U.S. Pat. No. 4,766,300 to G. E. Chadima. Jr., et al for “Instant Portable Bar Code Reader” and U.S. Pat. No. 5,314,372 to J. A. S. Bjorner et al for “Apparatus For the Uniform Illumination Of A Surface”, show and describe symbology readers which must be positioned against the symbology in order to properly image and interpret the symbology; and thus limit the versatility of the device and possibly its acceptability. On the other hand imagers such as those shown in U.S. Pat. No. 5,430,285 to T. W. Karpen et al for “Illumination System For Optical Reader” and in U.S. Pat. No. 5,585,616 to D. L. Roxby et al for “Camera For Capturing And Decoding Machine-Readable Matrix Symbol Images Applied to Reflective Surfaces” and in U.S. Pat. No. 5,689,104 to M. Suzuki et al for “Optical Code Reader With Devices To Locate A Code In A Reading Window” may be utilized at predetermined distances from the symbology but present other characteristics and shortcomings which may render them unacceptable.
Other imagers and systems are shown and described in U.S. Pat. No. 5,702,059 to J. B. Chu et al for “Extended Working Range Dataform Reader Including Fuzzy Logic Image control Circuitry” and in U.S. Pat. No. 5,756,981 to A. R. Roustaei et al for “Optical Scanner For Reading And encoding One-And Two-Dimensional Symbologies At Variable Depths Of Field Including Memory Efficient High Speed Image Processing Means And High Accuracy Image Analysis Means”; but these imagers and systems also may be unacceptable because they may not meet the above described criteria.
It is therefore an object of this invention to provide new and novel symbology imagers.
It is another object of this invention to provide new and novel symbology imagers/readers.
It is yet another object of this invention to provide new and novel imagers/readers of encoded symbology.
It is yet still another object of this invention to provide new and novel methods for imaging and reading encoded symbology.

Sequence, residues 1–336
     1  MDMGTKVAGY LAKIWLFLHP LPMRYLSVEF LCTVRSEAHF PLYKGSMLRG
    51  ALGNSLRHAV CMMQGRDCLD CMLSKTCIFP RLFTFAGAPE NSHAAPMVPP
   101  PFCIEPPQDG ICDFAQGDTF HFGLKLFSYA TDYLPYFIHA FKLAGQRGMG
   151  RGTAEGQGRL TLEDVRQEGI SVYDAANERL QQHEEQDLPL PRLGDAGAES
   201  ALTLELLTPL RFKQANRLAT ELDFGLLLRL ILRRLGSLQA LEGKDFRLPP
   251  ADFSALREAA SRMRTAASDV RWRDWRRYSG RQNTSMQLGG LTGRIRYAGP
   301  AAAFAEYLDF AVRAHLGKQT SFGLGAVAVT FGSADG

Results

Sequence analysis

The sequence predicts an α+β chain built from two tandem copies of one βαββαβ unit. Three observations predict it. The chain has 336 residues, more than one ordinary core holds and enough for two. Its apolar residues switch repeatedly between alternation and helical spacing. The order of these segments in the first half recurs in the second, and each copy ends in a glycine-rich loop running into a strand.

It is a further object of this invention to provide new and novel image illumination and co-acting image optics and electronic image receiving and interpreting apparatus for an imager/reader for encoded symbology.
It is yet a further object of this invention to provide new and novel image illumination and co-acting image optics and electronic image receiving and interpreting apparatus for a handheld imager/reader for encoded symbology.
It is still a further object of this invention to provide new and novel methods for illumination, imaging and interpreting encoded symbology.
It is yet still a further object of this invention to provide new and novel methods for illumination imaging and interpreting encoded symbology with a hand-held imager/reader.
It is yet still a further object of this invention to provide new and novel co-acting illumination, optical and electronic image capture assemblies for photonics for an imager.
It is yet still a further object of this invention to provide new and novel co-acting illumination, optical and electronic image capture assemblies for photonics for a hand-held imager/reader.
It is yet still a further object of this invention to provide new and novel co-acting diffuse illumination, optical and electronic image capture assemblies for focusing an imager.
It is yet still a further object of this invention to provide new and novel co-acting diffuse illumination, optical and electronic image capture assemblies for focusing a hand-held imager.
It is yet still a further object of this invention to provide new and novel methods for utilizing illumination, optics and electronic image capture for photonics for an imager/reader.
It is yet still a further object of this invention to provide new and novel methods for utilizing illumination, optics and electronic image capture for focusing an imager/reader.
It is yet still a further object of this invention to provide new and novel illumination, optics and image capture apparatus for a hand-held imager/reader and a new and novel housing configuration for same that facilitates gripping and holding the imager/reader for effective image capture.
It is yet still a further object of this invention to provide new and novel illumination, optics and image capture assemblies for a hand-held imager/reader in conjunction with new and novel image/reader gripping arrangements that facilitate using the hand-held imager/reader and proper utilization of mechanisms therewithin.
Other objects, features and advantages of the inventions in their methods and details of construction and arrangement of parts will be seen from the above, from the following description of the preferred embodiments, when considered with the drawings and from the appended claims.
In the drawing:
FIG. 1 is a diagrammatic perspective showing of a handheld imager/reader system, incorporating the instant invention;
FIG. 2 is a diagrammatic plan view of a linear, or 1-D symbology, more commonly referred to as a bar code, that can be imaged by the imager/reader of FIG. 1 and read (decoded) by suitable software provided to the imager/reader of FIG. 1;
FIG. 3 is a diagrammatic plan view of a “stacked” type of symbology that can be imaged by the imager/reader of FIG. 1 and read (decoded) by suitable software provided to the imager/reader FIG. 1;